Indo-European Programme (advanced)
- Slot 1: Slavic Historical Phonology (9.30-11.00)
- Slot 2: Lycian (11.30-13.00)
- Slot 3: Indo-European Poetry, Ritual and Myth (14.00-15.30)
- Slot 4: The lengthened grade in Indo-European (16.00-17.30)
Tijmen Pronk (Zagreb)
The course aims to provide a thorough introduction to the historical phonology of the Slavic languages. It will cover the phonological developments from Proto-Indo-European to the latest stages of Proto-Slavic, in some cases even to the present day Slavic languages and dialects.
The course will mainly focus on sound laws involving the vowel and consonant systems, while the accentual system will only be discussed when it provides crucial information about changes in segmental phonology. The overview of sound changes from Proto-Indo-European to Proto-Slavic will include several more in-depth case studies dealing with 1) phonetic changes in Common Slavic loanwords from Latin, Greek and Germanic, 2) the Common Slavic tendency towards creating open syllables, 3) the development of the consonant system after the loss of interconsonantal reduced vowels, 4) the development of the vowel system during the expansion of the Slavs in the second half of the first millennium AD, 5) the reflexes of the Indo-European syllabic resonants, 6) non-palatal reflexes of Indo-European palatovelars, 7) vowel lengthening before Indo-European mediae (Winter's law).
Familiarity with the principles of historical linguistics is required and basic knowledge of Proto-Indo-European and of at least one Slavic language are strongly recommended.
Karl Praust (Vienna)
Lycian is one of the “smaller” Anatolian languages. More specifically, it belongs to the Luwic branch of these languages and falls into two different dialects, Lycian A and Lycian B (or Milyan), respectively. The major differences between these two variants will be briefly dealt with, as will the affiliations of Lycian within the Anatolian branch of Indo-European languages. Our reading exercises, however, will be concerned with Lycian A, as attested in some 200 stone inscriptions (dating roughly from 500 – 300 BCE) and on a number of coins. Lycian grammar (as far as we know it at all) will be presented both from a historical and synchronic viewpoint. Another main focus, however, will be on the inscriptions themselves, on thoroughly interpreting them and on getting as much historical information out of them as possible (this goes, e.g., for the situation of Lycia between the Greeks and the Persians, or for the actual linguistic situation in later times when the inscriptions are already written in Greek). You will be taught basic epigraphical skills, and wherever necessary, the archaeological sites will also be taken into account (and some of them are simply breathtakingly beautiful; if interested, have a look at ). You will see how much our understanding of the inscriptions – and thereby also of the language, of course – can benefit from that approach.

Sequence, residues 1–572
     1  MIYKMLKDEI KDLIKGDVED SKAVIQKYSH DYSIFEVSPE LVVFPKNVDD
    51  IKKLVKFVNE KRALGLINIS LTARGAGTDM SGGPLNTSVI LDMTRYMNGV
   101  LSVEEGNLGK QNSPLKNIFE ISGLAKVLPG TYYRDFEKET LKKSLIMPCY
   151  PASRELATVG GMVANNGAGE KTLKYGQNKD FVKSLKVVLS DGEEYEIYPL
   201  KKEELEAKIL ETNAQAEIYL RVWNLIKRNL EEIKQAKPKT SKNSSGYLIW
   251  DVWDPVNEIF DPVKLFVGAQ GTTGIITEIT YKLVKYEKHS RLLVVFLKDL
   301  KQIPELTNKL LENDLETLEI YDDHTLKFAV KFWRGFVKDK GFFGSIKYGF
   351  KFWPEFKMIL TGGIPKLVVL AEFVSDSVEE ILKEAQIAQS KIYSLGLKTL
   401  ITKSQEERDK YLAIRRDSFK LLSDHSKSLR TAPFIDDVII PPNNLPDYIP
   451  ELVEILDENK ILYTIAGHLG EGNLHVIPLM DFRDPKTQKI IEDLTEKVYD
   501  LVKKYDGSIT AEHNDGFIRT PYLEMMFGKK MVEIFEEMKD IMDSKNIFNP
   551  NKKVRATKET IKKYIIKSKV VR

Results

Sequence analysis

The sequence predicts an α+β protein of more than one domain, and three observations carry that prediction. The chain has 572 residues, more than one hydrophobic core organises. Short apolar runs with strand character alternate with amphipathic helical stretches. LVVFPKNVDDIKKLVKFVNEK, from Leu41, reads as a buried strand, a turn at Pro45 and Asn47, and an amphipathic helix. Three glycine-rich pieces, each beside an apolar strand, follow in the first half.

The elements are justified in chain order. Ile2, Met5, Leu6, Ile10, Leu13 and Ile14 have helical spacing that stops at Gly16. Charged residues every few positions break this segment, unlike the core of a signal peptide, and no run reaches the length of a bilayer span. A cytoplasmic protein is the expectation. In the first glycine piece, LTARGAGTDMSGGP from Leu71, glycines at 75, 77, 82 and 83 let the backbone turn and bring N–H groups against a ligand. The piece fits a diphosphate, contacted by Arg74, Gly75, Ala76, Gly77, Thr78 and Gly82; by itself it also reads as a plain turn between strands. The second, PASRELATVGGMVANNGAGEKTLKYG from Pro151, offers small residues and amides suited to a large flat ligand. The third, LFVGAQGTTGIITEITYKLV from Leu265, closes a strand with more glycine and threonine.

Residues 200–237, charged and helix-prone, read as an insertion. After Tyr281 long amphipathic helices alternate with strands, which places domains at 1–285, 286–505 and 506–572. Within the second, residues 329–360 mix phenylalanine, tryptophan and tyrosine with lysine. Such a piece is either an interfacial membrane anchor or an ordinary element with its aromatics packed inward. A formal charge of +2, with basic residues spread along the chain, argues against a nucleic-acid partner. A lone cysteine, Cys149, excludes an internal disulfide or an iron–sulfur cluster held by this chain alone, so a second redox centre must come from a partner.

Knowing some Hittite (and some Greek) would be helpful, but isn’t strictly necessary. You will be introduced to the relevant literature during the course.
Velizar Sadovski (Vienna)
During this Leiden Summer school class, we are going to jointly discuss the relations between Indo-European sacral texts and their ritual and mythical contexts.
We will analyze a series of the most archaic specimens of Indo-European poetry throughout various language groups and stylistic genres – Vedic mantras and Avestan hymns, chapters of Homer and Hesiod, Greek incantations in metrical inscriptions and their literary pendants like Attic tragedy, Old Latin ritual carmina, calendar-related formulae and 'uerba concepta' for legal purposes, Hittite prayers, oaths and purification hymns, inherited topoi of Balto-Slavic "Heldendichtung", Germanic spells for cursing and blessing, healing charms in Celtic.